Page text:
Search Results: 'Charles Whibley'

Search

×
×
×
×
2 results for "Charles Whibley"
A Book of Scoundrels By Charles Whibley
Paperback: List Price: $8.18 $4.09 | You Save: 50%
Prints in 3-5 business days
Hint: You can preview this book by clicking on "Preview" which is located under the cover of this book. About the author: Charles Whibley (1859–1930) was an English literary... More > journalist and author. Whibley's style was described by Matthew as "often acerbic high-tory commentary". In literature and the arts, his views were progressive. He supported James Abbott McNeill Whistler (they had married sisters). He also recommended T. S. Eliot to Geoffrey Faber, which resulted in Eliot's being appointed as an editor at Faber and Gwyer. Eliot's essay Charles Whibley (1931) was contained within his Selected Essays, 1917-1932. Whibley died on 4 March 1930 at Hyères, France, and his body was buried at Great Brickhill, Buckinghamshire.Whibley was born 9 December 1859 at Sevenoaks, Kent, England. His parents were Ambrose Whibley, silk mercer, and his second wife, Mary Jean Davy. Excerpt from: https://en.wikipedia.org/wiki/Charles_Whibley< Less
A Book of Scoundrels (Illustrated) By Charles Whibley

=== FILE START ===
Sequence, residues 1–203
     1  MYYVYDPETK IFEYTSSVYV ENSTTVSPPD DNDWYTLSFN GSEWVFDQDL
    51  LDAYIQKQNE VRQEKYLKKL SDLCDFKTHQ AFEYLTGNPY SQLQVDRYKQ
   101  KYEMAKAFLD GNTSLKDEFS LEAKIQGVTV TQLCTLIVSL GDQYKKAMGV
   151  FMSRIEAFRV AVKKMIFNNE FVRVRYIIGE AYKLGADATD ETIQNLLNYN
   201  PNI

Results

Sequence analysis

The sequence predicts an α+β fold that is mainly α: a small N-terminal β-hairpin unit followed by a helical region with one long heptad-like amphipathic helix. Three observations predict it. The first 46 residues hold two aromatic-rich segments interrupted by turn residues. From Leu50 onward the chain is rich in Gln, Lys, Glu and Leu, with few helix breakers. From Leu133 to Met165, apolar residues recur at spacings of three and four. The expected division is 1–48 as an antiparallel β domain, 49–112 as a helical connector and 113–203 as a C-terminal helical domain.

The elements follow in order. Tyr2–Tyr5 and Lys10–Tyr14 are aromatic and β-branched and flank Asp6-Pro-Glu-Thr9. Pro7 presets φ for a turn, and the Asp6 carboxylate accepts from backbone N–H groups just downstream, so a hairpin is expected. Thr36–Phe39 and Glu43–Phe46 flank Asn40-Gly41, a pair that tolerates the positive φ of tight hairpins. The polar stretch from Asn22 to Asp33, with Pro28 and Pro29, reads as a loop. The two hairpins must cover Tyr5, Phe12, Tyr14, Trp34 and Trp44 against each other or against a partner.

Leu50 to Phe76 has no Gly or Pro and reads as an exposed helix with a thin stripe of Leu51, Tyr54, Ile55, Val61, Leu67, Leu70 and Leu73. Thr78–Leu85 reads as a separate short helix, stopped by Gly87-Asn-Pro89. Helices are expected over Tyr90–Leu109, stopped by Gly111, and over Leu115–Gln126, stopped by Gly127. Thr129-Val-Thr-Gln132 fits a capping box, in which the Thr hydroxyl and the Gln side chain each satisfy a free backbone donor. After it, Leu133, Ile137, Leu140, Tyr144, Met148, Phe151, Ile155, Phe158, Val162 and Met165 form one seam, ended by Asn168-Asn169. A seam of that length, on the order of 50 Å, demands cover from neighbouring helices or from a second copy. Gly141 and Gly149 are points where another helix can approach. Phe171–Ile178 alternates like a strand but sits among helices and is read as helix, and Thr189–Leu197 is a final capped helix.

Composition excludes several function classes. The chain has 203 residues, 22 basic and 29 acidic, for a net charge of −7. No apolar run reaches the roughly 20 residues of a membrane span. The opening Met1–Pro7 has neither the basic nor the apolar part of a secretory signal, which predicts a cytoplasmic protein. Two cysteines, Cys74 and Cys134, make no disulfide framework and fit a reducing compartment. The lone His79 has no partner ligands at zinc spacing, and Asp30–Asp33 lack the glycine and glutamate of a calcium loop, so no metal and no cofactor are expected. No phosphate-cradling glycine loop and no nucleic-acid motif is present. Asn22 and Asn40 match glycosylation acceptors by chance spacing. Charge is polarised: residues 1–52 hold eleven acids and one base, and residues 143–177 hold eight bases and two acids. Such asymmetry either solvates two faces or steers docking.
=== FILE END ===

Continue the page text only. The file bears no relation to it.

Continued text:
eBook (ePub): $1.99
There are other manifestations of greatness than to relieve suffering or to wreck an empire. Julius Cæsar and John Howard are not the only heroes who have smiled upon the world. In the supreme... More > adaptation of means to an end there is a constant nobility, for neither ambition nor virtue is the essential of a perfect action. How shall you contemplate with indifference the career of an artist whom genius or good guidance has compelled to exercise his peculiar skill, to indulge his finer aptitudes? A masterly theft rises in its claim to respect high above the reprobation of the moralist. The scoundrel, when once justice is quit of him, has a right to be appraised by his actions, not by their effect; and he dies secure in the knowledge that he is commonly more distinguished, if he be less loved, than his virtuous contemporaries.< Less